1. Send DNA To Distant Planet. 2. Reconstruct Humans On Site.
Some scientists believe that humanity's best shot at colonizing other planets lies in working within existing physics using organisms -- in this case, bacteria encoded with human DNA -- that can survive the trip.
Kecia Lynn has worked as a technical writer, editor, software developer, arts administrator, summer camp director, and television host. A graduate of Case Western Reserve University and the Iowa Writers' Workshop, she is currently living in Iowa City and working on her first novel.
What's the Latest Development?
At the recent Future is Now conference in Washington, NASA's Adam Steltzner proposed a method of space exploration that turns the traditional approach on its head: Rather than figuring out ways to work around the laws of physics so that humans can travel to distant planets as easily as they appear to in science fiction, let's try encoding human DNA onto microbes, sending them to a planet, and then "printing" humans from the DNA once they arrive.
What's the Big Idea?
The first part of Steltzner's idea isn't very farfetched. Microbes have survived the trip from Earth to Mars, and it's possible to "[use] bacteria like computer memory," says Harvard biologist Gary Ruvkun. It's the second part -- rebuilding humans upon arrival -- that's the real challenge. One possible solution could be to send a robot that would, in time, receive the necessary data to construct a human on site. Steltzner says, "The idea of 3D printing is, something's created out of matter at the location, just with the information. And that's kind of what we're talking about here."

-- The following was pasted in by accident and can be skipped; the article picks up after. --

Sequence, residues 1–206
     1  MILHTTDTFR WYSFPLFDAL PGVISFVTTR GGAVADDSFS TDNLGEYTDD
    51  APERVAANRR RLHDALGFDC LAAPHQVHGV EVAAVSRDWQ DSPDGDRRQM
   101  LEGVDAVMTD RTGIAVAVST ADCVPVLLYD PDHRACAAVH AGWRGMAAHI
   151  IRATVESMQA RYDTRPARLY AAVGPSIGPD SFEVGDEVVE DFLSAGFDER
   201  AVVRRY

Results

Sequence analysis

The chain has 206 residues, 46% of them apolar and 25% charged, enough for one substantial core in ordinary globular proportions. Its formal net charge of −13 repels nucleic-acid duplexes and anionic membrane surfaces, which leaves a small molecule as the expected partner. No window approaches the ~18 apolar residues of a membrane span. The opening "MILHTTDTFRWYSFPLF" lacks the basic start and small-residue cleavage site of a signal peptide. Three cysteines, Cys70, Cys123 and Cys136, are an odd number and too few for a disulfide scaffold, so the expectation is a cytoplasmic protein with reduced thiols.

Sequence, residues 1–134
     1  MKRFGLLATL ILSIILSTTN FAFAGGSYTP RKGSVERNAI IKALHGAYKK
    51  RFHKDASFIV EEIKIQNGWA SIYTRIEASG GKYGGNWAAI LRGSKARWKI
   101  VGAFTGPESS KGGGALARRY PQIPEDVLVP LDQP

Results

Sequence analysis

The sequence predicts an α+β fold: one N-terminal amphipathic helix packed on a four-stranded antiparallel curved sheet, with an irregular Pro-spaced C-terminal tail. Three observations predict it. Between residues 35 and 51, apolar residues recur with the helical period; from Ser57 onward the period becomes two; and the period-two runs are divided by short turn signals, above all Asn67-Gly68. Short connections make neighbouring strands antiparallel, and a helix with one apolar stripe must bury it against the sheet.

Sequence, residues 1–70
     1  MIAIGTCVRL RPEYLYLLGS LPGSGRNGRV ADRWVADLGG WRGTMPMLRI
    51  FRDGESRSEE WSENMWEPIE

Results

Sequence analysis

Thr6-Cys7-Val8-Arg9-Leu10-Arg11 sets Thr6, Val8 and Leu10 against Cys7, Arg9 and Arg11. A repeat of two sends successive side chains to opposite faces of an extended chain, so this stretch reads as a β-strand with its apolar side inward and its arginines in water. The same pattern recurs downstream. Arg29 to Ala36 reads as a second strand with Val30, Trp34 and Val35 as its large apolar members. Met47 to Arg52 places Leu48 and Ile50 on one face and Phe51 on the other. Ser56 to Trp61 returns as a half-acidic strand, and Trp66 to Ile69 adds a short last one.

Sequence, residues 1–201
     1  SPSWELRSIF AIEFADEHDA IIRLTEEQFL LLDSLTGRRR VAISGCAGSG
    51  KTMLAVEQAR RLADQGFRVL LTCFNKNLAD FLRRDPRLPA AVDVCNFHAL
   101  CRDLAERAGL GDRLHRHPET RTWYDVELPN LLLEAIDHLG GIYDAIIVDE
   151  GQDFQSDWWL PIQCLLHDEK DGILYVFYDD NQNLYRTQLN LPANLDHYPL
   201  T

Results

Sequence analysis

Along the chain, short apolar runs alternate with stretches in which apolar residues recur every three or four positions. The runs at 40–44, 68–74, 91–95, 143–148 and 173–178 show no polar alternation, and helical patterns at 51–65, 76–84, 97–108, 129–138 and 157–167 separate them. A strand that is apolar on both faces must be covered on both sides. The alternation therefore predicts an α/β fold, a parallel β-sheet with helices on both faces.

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Personal Note: This will be my last post for IdeaFeed. I hope readers have learned as much from the ideas presented here as I have since joining BigThink in 2012. See you out in the universe...
Your fellow explorer,
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